One famous scene shows the Little Tramp, starving, having to eat his boot; another famous scene shows a house sliding off a cliff in the snow, with Chaplin inside.
The movie was originally released before the invention of sound film. For the 1942 re-release Chaplin composed and recorded a musical score and narration and tightened the editing. One sequence is altered so that instead of the Tramp finding a note from Georgia Hale's character which he mistakenly believes is for him, he actually receives the note from her. Another major alteration is the ending, in which the now-wealthy Tramp originally gave Georgia a lingering kiss; the sound version ends before this scene.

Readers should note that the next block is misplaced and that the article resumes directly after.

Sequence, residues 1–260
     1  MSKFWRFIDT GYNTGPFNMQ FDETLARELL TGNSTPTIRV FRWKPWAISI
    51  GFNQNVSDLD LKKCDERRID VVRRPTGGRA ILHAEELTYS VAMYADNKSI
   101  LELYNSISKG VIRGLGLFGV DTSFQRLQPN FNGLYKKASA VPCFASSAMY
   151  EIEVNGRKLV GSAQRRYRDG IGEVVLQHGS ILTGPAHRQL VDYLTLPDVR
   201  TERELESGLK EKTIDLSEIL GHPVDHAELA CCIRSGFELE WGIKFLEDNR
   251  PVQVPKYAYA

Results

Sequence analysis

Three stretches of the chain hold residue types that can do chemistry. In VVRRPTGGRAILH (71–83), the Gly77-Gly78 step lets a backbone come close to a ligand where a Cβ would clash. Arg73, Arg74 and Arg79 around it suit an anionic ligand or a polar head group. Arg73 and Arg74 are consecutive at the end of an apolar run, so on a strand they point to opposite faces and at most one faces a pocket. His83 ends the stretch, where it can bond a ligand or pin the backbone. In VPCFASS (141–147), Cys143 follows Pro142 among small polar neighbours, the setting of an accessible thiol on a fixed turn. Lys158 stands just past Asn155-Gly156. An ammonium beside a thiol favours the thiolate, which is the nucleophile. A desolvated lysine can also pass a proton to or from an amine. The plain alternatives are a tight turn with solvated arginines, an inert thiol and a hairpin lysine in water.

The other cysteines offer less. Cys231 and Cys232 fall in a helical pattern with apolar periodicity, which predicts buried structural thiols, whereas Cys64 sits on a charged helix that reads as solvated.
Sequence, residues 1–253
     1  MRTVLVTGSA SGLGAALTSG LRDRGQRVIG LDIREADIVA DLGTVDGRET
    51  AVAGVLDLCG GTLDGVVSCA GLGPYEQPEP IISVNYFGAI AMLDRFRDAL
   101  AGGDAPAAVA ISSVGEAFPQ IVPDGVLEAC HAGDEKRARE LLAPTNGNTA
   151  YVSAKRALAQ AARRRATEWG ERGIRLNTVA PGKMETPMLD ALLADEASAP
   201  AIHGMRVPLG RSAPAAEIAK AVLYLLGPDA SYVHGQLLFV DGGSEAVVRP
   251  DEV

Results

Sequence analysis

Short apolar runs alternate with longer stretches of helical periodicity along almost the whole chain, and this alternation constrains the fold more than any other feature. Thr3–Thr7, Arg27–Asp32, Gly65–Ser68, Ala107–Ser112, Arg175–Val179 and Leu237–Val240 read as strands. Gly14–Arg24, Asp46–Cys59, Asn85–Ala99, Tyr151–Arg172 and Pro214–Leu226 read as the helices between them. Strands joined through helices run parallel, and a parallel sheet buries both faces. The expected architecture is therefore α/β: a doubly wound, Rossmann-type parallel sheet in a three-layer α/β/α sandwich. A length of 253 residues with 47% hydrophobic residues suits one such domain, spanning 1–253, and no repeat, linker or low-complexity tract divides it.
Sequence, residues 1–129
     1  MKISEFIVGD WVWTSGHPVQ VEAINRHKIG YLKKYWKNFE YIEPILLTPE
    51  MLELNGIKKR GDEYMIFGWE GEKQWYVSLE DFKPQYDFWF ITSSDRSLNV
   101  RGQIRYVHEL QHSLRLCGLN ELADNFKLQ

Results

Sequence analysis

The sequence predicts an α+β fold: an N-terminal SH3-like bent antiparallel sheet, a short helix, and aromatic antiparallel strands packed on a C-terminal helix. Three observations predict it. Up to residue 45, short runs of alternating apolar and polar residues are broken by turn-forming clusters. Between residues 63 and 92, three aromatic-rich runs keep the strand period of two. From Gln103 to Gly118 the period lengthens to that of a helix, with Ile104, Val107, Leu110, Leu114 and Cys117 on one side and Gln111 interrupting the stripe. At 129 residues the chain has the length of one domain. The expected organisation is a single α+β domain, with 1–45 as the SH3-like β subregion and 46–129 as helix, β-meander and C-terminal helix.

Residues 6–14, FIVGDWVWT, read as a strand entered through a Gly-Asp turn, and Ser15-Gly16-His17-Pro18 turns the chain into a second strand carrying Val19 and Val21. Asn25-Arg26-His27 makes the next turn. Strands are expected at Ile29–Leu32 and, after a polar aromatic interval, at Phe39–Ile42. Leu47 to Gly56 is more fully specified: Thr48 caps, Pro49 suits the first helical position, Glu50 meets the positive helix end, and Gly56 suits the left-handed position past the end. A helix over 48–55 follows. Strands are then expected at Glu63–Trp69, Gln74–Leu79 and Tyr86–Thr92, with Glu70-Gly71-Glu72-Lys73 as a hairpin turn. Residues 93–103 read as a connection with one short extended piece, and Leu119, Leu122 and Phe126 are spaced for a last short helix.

Since the film was originally shot at 18 frames per second, the sound version, shown at 24 frames per second, is both shorter and faster than the original silent screenings. This has the side effect of making Chaplin's slapstick routines appear more frantic than before, a fact that had proably influenced Chaplin's decision to shoot Modern Times at silent speed.
The film has been selected for preservation in the United States National Film Registry.